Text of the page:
DUBLIN, July 14 (Reuters) – Ireland faces an extremely difficult challenge in meeting legally binding targets to cut greenhouse gas emissions after they fell by just 1.9% year-on-year in 2022, the country’s environmental watchdog said on Friday.
The government last year set out reduction targets for key parts of the economy it said were needed to reduce emissions by 51% by 2030, handing each sector a “carbon budget” initially out to 2025 that they must stick to.
The Environmental Protection Agency (EPA) said the modest reduction last year meant that Ireland will need to reduce its emissions by 12.4% each year between now and 2025 to stay within budget.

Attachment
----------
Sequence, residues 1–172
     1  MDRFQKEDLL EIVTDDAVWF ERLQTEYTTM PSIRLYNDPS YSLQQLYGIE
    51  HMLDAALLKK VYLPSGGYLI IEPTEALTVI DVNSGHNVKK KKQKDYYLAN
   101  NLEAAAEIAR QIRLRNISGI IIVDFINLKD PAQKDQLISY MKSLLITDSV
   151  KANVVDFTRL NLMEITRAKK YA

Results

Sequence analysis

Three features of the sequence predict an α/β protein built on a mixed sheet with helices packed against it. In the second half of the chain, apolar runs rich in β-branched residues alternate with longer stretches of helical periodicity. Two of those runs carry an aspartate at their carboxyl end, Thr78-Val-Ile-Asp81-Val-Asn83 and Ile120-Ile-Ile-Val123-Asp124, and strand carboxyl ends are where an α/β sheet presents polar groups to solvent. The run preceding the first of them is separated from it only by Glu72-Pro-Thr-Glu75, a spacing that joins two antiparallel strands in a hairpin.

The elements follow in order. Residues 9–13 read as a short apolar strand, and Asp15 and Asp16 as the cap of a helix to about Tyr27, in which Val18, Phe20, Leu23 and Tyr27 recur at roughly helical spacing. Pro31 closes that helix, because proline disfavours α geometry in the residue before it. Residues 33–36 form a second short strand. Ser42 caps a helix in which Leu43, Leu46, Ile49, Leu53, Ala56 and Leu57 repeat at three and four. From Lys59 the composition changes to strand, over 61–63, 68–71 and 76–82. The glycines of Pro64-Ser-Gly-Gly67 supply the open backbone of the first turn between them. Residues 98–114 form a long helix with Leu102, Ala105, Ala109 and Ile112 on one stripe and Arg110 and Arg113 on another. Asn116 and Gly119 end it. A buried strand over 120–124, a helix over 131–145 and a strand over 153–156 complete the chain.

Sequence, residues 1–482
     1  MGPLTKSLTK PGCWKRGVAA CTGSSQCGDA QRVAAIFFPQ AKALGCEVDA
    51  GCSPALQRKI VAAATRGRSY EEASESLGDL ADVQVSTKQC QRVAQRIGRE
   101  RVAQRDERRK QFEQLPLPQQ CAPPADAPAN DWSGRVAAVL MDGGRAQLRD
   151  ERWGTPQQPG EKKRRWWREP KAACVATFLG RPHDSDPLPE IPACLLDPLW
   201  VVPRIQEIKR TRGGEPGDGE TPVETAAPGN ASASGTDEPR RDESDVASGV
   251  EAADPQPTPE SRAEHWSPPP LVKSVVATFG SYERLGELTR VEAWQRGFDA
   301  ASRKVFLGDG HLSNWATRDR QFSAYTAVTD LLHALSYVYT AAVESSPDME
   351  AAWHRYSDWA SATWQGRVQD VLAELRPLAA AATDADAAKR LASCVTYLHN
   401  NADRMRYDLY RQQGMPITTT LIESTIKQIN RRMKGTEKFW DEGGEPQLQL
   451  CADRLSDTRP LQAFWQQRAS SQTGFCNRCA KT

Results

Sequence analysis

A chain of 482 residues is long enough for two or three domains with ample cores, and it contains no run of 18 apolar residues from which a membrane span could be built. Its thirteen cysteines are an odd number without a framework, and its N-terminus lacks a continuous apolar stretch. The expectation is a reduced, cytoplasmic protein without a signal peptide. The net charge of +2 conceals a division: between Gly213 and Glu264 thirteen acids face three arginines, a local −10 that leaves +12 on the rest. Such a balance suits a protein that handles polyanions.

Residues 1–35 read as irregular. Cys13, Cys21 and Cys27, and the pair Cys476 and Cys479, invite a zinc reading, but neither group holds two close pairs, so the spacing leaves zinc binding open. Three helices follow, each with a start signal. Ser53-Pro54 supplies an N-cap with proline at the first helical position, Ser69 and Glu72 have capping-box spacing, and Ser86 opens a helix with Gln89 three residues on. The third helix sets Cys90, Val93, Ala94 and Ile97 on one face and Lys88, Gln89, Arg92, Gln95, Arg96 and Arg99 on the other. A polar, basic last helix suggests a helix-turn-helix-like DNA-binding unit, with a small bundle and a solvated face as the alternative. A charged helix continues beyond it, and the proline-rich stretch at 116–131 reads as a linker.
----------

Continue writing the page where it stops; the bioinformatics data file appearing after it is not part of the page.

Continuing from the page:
Provisional figures showed that 47% of the carbon budget for the five-year period to 2025 was used up in 2021 and 2022.
The data for 2022 showed that emissions decreases in energy industries (-1.8%), agriculture (-1.2%) and residential buildings (-12.7%) outweighed a 6% increase in transport, where emissions are close to returning to pre-pandemic levels.
Agriculture remains by far the largest contributor to overall emissions at 38% of the total. The decrease in the sector was driven by a 14% fall in fertiliser nitrogen use and was partially offset by an increase in livestock numbers.
“The overall emissions reduction, while welcome, falls short of the reductions required to achieve national and new EU targets,” the EPA said.
“To stay within our budget, we’re facing extremely challenging annual reductions.”
Source : Reuters